Dampening of positive feelings found to predict postpartum depressive symptoms
A new KU Leuven study shows for the first time that the dampening or suppression of positive emotions plays an important role in the development of postpartum depression. This has implications for the treatment of depressed mothers.
We often forget that depression is characterised by both negative feelings and a lack of positive feelings. Researchers suspect that this may have to do with the way depression-prone individuals deal with positive or happy feelings. These individuals downplay or suppress positive feelings through a cognitive response style called dampening. Typical dampening responses include: “These good feelings won't last, you'll see”; “I can't forget that things weren't always this good” and “I probably don't deserve to be this happy”.
Professor Filip Raes (Faculty of Psychology and Educational Sciences) is the first to investigate whether dampening of positive emotions also lies at the root of postpartum depression.
The study polled around 200 women once during and twice after their pregnancies. The women answered a questionnaire between the 24th and 34th weeks of pregnancy to determine depressive symptoms and cognitive responses to negative and positive emotions. They were then polled for depressive symptoms at 12 weeks and 24 weeks postpartum.
In about 8% of the mothers, responses indicated symptoms consistent with postpartum depression. Dampening was found to be a statistically significant predictor of women’s depressive symptoms postpartum. The more a mother indicated dampening responses to happy feelings, the higher the level of depressive symptoms experienced postpartum.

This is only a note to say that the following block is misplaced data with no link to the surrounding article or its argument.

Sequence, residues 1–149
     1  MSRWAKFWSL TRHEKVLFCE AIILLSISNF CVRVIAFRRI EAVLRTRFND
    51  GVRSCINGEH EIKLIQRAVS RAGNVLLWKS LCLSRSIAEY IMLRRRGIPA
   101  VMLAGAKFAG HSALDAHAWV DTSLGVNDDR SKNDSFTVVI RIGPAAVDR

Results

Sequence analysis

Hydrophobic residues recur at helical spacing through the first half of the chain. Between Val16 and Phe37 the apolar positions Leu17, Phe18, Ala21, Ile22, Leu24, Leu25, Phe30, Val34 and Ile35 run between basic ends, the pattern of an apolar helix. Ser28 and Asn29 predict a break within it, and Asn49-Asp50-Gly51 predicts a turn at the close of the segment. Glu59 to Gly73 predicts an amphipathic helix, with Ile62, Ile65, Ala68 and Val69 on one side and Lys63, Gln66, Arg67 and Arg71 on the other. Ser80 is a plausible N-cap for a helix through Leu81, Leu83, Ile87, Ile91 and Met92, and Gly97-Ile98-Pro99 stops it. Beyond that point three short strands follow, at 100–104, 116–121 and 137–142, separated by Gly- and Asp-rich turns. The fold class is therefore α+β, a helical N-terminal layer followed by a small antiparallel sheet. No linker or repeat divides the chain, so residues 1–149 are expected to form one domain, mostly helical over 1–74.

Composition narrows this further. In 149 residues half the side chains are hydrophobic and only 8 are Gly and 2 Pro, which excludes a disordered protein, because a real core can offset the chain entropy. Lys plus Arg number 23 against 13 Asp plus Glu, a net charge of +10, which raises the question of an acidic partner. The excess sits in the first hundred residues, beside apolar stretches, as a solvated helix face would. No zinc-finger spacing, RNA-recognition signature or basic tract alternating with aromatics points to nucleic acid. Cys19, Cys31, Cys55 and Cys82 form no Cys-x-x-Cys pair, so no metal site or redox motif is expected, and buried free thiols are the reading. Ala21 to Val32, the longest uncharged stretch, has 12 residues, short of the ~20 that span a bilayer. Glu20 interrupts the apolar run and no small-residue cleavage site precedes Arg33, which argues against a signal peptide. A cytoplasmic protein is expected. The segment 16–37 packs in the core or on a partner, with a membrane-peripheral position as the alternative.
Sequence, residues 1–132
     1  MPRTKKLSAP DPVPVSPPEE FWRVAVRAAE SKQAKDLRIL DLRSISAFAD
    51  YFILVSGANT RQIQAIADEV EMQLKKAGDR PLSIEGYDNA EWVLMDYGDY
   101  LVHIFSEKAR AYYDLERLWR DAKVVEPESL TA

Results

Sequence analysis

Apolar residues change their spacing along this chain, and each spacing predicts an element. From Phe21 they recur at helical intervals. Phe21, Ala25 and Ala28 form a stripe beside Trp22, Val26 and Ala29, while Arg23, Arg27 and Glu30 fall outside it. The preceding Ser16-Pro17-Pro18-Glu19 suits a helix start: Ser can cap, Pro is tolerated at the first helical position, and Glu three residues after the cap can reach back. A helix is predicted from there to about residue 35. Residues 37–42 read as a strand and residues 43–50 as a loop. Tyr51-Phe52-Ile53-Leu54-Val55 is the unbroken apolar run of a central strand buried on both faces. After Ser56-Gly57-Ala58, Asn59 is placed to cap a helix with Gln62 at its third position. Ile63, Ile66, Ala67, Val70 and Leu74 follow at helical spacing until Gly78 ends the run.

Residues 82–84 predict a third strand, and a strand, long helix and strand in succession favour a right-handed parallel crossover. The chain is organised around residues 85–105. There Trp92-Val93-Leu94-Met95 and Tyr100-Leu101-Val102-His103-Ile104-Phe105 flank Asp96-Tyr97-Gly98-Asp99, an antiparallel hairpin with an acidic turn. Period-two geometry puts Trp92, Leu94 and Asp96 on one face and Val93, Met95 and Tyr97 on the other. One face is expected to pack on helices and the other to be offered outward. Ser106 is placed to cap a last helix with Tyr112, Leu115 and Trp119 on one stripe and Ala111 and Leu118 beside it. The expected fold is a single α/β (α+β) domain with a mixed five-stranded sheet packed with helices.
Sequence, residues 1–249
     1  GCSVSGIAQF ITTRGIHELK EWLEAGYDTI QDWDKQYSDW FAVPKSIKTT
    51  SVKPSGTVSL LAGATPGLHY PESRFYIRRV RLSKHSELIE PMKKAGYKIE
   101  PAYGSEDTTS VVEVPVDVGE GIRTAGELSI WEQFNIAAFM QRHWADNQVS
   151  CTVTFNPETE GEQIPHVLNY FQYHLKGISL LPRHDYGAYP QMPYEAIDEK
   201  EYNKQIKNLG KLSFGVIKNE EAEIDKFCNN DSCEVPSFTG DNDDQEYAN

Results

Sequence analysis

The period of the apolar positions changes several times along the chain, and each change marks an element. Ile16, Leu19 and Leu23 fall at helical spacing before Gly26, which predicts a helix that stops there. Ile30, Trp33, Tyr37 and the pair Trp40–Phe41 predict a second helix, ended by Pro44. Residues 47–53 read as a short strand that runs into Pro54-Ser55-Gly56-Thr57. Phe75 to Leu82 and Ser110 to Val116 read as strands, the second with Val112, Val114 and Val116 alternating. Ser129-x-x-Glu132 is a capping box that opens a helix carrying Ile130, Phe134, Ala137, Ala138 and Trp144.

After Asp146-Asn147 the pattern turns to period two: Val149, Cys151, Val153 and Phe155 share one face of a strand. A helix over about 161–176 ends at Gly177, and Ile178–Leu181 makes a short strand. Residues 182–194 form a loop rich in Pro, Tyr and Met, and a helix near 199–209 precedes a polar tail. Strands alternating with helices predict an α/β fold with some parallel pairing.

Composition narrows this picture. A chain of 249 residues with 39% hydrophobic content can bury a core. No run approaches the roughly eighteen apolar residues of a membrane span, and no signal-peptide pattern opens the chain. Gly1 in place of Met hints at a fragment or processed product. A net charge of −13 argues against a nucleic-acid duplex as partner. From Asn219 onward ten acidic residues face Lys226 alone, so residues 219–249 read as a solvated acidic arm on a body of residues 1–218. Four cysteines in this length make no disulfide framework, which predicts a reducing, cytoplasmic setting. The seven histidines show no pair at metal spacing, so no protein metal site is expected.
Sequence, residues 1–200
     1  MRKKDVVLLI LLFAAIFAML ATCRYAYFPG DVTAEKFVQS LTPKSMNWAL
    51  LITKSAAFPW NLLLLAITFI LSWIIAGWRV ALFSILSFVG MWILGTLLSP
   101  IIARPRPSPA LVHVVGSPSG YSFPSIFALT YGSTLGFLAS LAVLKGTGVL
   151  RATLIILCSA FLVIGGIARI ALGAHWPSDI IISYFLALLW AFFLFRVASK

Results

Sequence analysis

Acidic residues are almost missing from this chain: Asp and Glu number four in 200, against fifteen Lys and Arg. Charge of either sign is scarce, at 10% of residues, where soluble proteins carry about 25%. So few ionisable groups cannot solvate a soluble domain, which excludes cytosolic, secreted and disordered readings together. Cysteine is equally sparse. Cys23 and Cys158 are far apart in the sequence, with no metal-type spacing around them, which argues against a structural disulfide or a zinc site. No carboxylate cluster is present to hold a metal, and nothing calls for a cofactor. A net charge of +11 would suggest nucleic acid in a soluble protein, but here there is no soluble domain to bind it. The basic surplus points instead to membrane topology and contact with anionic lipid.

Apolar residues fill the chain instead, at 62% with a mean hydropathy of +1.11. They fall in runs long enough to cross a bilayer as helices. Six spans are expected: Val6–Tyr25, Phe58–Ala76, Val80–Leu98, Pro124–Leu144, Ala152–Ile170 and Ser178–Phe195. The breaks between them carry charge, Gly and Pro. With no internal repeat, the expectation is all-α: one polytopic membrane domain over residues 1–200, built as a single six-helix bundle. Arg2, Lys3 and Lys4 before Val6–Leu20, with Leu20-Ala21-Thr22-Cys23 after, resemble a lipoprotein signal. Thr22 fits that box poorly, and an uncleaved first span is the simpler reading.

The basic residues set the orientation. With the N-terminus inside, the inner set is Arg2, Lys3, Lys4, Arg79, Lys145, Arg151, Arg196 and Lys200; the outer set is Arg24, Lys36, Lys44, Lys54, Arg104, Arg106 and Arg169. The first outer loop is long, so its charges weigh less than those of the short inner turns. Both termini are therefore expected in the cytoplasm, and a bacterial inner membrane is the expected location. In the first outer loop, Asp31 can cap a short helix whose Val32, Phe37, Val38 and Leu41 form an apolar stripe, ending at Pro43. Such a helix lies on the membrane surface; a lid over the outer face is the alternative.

In contrast – and surprisingly – dwelling on negative feelings (depressive rumination) was not found to be indicative of postnatal depression.
The results show for the first time that the suppression of positive feelings plays a significant role in depression. In determining the contributing factors of postpartum depression, the manner in which respondents deal with positive feelings appears to be at least as important as – and in some cases even more important than – the manner in which they deal with negative feelings.
In turn, these findings point to a need for (preventive) treatment techniques to address the suppression or dampening of positive feelings alongside maladaptive responses to negative feelings (such as depressive rumination).
The researchers are currently working to develop a treatment method focused specifically on counteracting dampening. Existing methods, such as mindfulness, may also have a positive effect on dampening, say the researchers.
The full study, published online on 24 April in the Journal of Psychosomatic Research, can be accessed at: http://www.sciencedirect.com/science/article/pii/S0022399914001895